When Pam and I visited California last October, I noticed how restaurants always posted the number of calories in each food item on the menu. I really liked that. It definitely affected what I ordered. There were items I might have ordered but, upon seeing the calorie count, opted for something else. True, I was gonna buy an In and Out Burger no matter how many calories it had, because I wanted to see what all the fuss was about (and it was worth it). But for other foods, I appreciated knowing how it might affect my waistline.
This was a state law in California, as it is in some other states and cities (notably, New York City). Some people argue that it represents far too much intrusiveness by government, and there’s a point to be made there. Government defaults toward intrusiveness. But considering the healthcare costs of poor nutrition (diabetes, heart disease, etc.), some of which society inevitably picks up (with or without Obamacare), I approve of calorie counts.
Now I see that McDonald’s will begin including calorie counts in about 14,000 restaurants nationwide. For a while now, their website has posted a complete ingredient breakdown for all McDonald’s foods. Kudos to them. But now we’ll be able to see the calorie count while standing in the checkout line.
Not that McDonald’s has been the standard-bearer for healthy eating. That’s like recognizing Congress for its workplace politeness and sensitivity. McDonald’s knows, of course, that a national law is coming (no date has been set yet) when all larger chains must include calorie counts. So they are just getting out there ahead of the curve, trying to win low-cal brownie points. Yet, I applaude them.
The result may be that, the next time I go to McDonald’s, I look over the menu, note the calorie counts…and go right back out the door. Because I’m confronted with the glaring reality that everything I like isn’t good for me.
A mandated calorie count may also make restaurants more reluctant to introduce new high-calorie items. Imagine ad campaigns where restaurants brag about how FEW calories their foods have.
Now, if they could just include the salt content, too. As a person with Miniere’s disease, I carefully examine all food labels to check the sodium content, lest vertigo come knocking. This is crucial to my health. But you can’t include everything. A friend of mine is allergic to corn. You can’t ask restaurants to identify the amount of corn syrup and other derivatives used in every menu item. So, on a practical basis, I’m content just putting the calorie content. For everything else–you’re on your own. That seems reasonable.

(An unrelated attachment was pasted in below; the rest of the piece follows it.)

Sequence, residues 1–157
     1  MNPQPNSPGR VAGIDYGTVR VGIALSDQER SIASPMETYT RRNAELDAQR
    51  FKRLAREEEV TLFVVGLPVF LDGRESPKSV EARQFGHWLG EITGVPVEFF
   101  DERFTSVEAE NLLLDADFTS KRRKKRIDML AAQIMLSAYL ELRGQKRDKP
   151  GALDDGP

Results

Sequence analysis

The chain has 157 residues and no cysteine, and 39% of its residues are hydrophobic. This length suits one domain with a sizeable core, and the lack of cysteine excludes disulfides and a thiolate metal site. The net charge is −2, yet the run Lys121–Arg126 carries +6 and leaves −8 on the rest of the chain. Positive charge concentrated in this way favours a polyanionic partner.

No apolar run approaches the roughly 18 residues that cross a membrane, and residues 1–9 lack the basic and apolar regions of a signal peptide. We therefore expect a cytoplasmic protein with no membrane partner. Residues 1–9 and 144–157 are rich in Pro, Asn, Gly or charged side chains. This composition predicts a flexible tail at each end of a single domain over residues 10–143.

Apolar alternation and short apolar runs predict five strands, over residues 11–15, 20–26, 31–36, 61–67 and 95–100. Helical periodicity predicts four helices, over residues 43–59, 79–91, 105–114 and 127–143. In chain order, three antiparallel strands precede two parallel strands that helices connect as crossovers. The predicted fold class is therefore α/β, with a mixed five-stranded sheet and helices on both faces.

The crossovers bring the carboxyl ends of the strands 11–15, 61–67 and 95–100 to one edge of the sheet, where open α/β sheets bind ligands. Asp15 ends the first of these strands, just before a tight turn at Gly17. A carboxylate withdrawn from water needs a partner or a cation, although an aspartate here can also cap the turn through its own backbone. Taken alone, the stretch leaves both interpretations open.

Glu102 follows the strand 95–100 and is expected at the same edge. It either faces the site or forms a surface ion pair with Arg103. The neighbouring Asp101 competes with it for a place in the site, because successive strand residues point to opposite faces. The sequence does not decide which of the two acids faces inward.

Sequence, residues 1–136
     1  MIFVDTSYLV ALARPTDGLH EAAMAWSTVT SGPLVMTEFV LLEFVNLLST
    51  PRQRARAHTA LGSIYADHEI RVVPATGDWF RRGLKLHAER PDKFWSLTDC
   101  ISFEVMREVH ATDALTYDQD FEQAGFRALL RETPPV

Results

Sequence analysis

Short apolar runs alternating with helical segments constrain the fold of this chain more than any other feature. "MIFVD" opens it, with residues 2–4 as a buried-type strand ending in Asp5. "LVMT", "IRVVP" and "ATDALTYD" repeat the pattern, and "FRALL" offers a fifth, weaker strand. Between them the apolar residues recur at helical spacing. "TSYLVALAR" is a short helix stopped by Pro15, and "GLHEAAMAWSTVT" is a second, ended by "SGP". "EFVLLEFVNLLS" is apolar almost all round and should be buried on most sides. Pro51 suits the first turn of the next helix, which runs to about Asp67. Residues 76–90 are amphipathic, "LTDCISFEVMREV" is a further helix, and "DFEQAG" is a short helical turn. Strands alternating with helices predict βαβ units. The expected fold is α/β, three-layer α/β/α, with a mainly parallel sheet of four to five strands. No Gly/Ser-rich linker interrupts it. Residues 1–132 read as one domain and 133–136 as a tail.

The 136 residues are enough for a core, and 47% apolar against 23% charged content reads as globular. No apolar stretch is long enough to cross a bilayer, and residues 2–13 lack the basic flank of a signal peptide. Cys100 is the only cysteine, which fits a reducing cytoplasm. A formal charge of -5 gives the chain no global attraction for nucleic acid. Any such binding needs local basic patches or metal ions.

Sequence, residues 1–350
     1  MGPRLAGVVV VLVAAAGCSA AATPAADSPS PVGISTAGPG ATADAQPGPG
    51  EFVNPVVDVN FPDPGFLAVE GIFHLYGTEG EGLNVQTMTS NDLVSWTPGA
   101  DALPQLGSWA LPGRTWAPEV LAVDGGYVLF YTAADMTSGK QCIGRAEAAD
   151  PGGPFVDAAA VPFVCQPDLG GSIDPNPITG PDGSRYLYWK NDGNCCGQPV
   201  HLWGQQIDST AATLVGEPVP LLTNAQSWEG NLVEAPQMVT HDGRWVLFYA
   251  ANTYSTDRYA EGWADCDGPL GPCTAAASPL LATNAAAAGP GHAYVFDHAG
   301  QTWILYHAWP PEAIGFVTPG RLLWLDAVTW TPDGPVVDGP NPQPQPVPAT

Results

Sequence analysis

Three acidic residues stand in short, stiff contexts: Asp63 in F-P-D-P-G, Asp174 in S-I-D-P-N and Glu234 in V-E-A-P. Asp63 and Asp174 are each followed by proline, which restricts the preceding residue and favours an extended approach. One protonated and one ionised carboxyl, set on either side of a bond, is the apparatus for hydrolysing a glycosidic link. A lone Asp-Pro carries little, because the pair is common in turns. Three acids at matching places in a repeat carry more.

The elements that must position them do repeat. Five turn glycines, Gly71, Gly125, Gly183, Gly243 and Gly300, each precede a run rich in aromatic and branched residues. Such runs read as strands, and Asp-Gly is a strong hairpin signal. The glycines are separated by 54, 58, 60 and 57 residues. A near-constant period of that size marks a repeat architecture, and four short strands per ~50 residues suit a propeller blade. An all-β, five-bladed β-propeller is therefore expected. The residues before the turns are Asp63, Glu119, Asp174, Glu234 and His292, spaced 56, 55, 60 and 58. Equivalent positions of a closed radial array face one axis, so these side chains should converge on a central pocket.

Slate.com published a good article about this back in March 2011. However, the article mentioned several studies that show, in places where calorie counts were already mandatory, it hadn’t changed people’s eating habits. Especially in poor neighborhoods. People were consuming as many calories as before.
In one study, just over half of the people said they actually noticed the calorie information. (The same people, I assume, also walk in front of speeding cars.) Only 15% said it affected their choices. The latter 15% averaged 106 calories less than everyone else.
But hey–if only 15% of consumers use the calorie information, that’s a good start. Nothing is universal right off the bat.
I’m definitely, and proudly, in that 15%. And 15% of a population of 300 million–that’s 45 million people who pay attention. People who probably also–like me–examine food labels in grocery stores, and make buying decisions on that basis.
Changing eating habits won’t happen overnight. Educating people about the need to control caloric intake, and having the need actually sink into their skulls, will take a while. Perhaps the majority of folks will never catch on. But putting the information out there, in plain sight, is a good start. We can’t do much more than that. It ultimately comes down to people’s choices.
Unfortunately, it won’t suddenly make people start cooking more at home, or getting regular exercise. Sometimes it takes a heart attack to do that.